ISD 181 Viewpoint: Music provides keys to student learning
Given the opportunity to write about the music programs at ISD 181, my mind is drawn to one recent performance that had a profound impact on our students and community. On Wednesday, November 11, approximately 300 Brainerd High School music stude...
Given the opportunity to write about the music programs at ISD 181, my mind is drawn to one recent performance that had a profound impact on our students and community. On Wednesday, November 11, approximately 300 Brainerd High School music students from the band, choir and orchestra programs came together and performed America the Beautiful for community veterans and their families. It was a privilege for our music students to share their music in the hopes of conveying appreciation and gratitude for our community veterans. This one unique performance lends insight into the question: why is there music education in the Brainerd Public Schools?
So, why are there music ensembles rehearsing during the school day in the Brainerd Public Schools? The answer is the same for the following question: Why are students studying English, math and science in the Brainerd Public Schools? Because knowledge and appreciation in these areas of study not only prepares these students for successful citizenship in our society, but enriches their human experience.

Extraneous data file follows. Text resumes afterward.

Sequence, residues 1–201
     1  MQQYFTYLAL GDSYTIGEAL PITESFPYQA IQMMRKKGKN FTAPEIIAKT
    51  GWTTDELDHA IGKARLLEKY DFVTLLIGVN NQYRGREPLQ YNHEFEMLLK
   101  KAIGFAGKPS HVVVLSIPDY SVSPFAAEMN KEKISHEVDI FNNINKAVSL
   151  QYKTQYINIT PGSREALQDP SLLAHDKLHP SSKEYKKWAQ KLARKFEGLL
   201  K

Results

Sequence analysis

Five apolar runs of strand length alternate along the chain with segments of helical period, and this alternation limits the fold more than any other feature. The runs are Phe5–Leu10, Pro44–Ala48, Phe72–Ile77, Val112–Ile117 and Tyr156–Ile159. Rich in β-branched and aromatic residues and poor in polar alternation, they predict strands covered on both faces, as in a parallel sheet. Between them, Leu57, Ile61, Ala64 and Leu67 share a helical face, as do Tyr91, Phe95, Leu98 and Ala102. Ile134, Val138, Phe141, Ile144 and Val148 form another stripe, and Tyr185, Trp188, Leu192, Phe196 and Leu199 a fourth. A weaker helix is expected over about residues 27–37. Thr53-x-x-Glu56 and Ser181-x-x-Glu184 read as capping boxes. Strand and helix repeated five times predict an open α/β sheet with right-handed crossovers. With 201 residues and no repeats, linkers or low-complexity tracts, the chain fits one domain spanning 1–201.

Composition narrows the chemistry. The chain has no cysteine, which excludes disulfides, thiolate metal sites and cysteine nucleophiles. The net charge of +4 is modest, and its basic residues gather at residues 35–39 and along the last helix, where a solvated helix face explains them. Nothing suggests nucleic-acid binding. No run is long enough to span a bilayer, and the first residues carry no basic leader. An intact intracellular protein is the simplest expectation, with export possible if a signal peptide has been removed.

Plato is quoted as saying, "I would teach children music, physics and philosophy; but most importantly music, for the patterns in music and all the arts are the keys to learning." Plato's reference to patterns in music as the "keys to learning' speaks to the citizenship aspect of a music education. In order to be successful as a musician, the student must master many skills that are thought to be "soft skills" or "citizenship skills." Music students must listen carefully to their neighbors in class so as to complement the work of the class and make it stronger with their added voice. The students must constantly listen outside themselves and assess their contribution to the goals of the class. They must obey the rules of the rehearsal and uphold their individual accountability to the larger goal of creating something beautiful, meaningful and heartfelt. These are the same skills needed for citizenship in our society.
In addition to these important skills, students experience a meaningful emotional outlet that is healthy and supportive. Students are a part of a community within our schools where they know they are safe, can be expressive, and are encouraged to take risk. The topic is always relevant-it is about life and our connections to one another. Music is uniquely human, and learning how to make it connects us to the fabric of humanity that is at once absolutely basic (think: humming a simple lullaby to a newborn) and extremely complex (think: Vivaldi's Gloria for full orchestra and choir).
Now, back to the Veterans Day performance. The music students at Brainerd High School were able to communicate something beautiful and heartfelt because of their level of academic knowledge and skill. However, like any good communication, it is a two-way street. The veterans in our community shared their stories of sacrifice, examples of citizenship, and demonstrated their dedication to the ideals that Brainerd Public Schools is striving to teach. The music education of these students allowed for a meaningful dialogue between area veterans and our students. A dialogue that could not be put into words, but could not be left unsaid.
To learn more about the Brainerd Public Schools music programs, please go to www.brainerdmusic.org and for Brainerd Public Schools information, please go to www.isd181.org
Christopher Fogderud, Brainerd High School band director, and Brian Stubbs, Brainerd High School choir director